Tycho nods forward, head on hands, and dreams: a crown, a king, royal costume as currency’s marginalia. The dream shifts, though, to one of recognition: he explains the universe he writes by the light of stars, opens the roof’s petals to reveal his spinning planets, the twisting galaxies. The king is in awe. Tycho stirs, awakens, feels he has forgotten something. He cranks the worn press, testing the mechanics. He wanders to the lab to check on the craftsmen. I was at a desk or old table. Inventing a self with a self’s qualities. Discipline and talent, patience and insight. Placed self gently in the drawer. The craftsmen nod and smile, assuring Tycho everything is being built according to his standards, and he leaves as abruptly as he arrived. His dread of these hours, the interminable afternoon. Other men anticipate dinner with family and friends, celebration of a day’s work. Tycho’s food is fuel for a sleepless night. He climbs the stairs to the front hall and opens the door. The mist is in retreat, he spies swaths of ocean, patches of sky. He knows the island well, the waters that surround and the vapors that hover. Work will be done tonight: further correction, further truth. So much bravado here, everything an accomplishment. Odd young man. What was I conjuring? (Failing to conjure.) Tycho’s steps echo through the house, announcing his command and energy, his dedication and force. Carefully listed qualities, strangely conceived. The bottom of a drawer.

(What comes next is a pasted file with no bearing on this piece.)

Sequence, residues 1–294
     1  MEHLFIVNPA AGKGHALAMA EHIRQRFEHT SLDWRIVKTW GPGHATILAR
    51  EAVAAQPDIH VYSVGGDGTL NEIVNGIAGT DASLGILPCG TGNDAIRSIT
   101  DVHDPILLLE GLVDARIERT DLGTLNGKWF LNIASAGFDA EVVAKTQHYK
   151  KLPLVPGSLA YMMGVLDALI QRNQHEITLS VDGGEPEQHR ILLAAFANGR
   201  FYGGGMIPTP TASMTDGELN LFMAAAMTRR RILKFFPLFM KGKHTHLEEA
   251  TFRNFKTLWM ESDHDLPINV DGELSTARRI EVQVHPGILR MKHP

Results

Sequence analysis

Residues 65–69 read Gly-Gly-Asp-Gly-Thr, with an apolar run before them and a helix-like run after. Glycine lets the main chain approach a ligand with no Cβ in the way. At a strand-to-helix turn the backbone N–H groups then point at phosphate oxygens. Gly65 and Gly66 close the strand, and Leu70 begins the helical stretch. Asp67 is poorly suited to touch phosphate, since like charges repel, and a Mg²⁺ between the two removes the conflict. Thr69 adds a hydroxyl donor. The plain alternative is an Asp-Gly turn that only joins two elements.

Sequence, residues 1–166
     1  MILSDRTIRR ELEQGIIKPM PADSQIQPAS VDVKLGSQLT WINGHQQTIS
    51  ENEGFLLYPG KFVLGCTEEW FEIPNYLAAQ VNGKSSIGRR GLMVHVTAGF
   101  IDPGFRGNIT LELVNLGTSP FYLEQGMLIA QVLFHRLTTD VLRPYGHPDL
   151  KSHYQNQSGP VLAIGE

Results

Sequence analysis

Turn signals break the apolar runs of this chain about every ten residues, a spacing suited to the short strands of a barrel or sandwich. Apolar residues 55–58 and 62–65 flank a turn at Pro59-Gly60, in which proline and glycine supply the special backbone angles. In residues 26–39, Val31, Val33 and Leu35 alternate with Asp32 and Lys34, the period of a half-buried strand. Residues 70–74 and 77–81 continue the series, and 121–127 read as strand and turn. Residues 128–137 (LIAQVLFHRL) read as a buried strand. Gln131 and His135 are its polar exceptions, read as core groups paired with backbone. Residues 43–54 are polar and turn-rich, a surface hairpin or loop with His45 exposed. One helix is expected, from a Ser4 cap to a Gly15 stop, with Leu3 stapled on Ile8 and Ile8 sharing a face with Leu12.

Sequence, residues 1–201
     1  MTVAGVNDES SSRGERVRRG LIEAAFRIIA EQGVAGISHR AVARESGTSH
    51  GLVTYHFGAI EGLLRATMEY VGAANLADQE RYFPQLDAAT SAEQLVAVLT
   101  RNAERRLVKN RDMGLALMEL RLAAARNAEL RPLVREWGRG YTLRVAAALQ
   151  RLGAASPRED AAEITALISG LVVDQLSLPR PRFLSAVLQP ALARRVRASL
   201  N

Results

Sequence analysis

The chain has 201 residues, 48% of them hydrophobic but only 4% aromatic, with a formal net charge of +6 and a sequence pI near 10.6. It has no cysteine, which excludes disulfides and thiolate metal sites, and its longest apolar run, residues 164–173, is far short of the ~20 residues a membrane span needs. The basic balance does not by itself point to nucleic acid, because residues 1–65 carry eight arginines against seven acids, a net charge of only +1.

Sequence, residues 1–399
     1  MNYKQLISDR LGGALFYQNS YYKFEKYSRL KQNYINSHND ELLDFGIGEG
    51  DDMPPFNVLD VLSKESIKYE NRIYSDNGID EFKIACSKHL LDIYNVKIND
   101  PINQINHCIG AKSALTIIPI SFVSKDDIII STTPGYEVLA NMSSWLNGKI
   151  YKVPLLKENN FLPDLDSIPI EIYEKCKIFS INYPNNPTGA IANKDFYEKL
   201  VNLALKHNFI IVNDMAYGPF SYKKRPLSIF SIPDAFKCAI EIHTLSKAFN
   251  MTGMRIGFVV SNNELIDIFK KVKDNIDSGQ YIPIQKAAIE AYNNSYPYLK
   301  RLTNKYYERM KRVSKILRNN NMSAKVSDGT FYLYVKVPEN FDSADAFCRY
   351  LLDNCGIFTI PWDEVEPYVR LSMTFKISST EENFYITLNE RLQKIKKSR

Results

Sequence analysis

Night falls, and with it, peace. Wife and children slumber in the warmth of downy beds. The observatory’s ceiling unfolds to reveal the sparkling sky. Tycho directs his staff quietly. (I composed quietly.) Measurements are taken, calculations logged. There is an efficiency in the way he leads the men, a certainty of purpose. (I with no men, uncertain purpose.) Blaeu stirs his tea. His spoon rings quietly against the cup. The metal instruments are cold to the touch. The men exhale vapor. What here did I imagine? Who did I plan to be? In the peace and certainty of their work, truth evades them. Among multiple instruments designed for vision, no one sees the figure on the waves. A dark figure, rowing toward the lights, to bring news of death: of the king and their future. Uraniborg sinks in the ocean of time. I wrote the boatman, wrote the news. Last attempt, conjuring little. Put it in a drawer, disappeared in time. (“The ocean of time.”) Tycho labors unaware, gathering his stars. The boatman arrives. Truth escapes. Strange self. Strangely right. Nicely done. Back into the drawer.
Donald Geary last published short fiction in the 1990’s.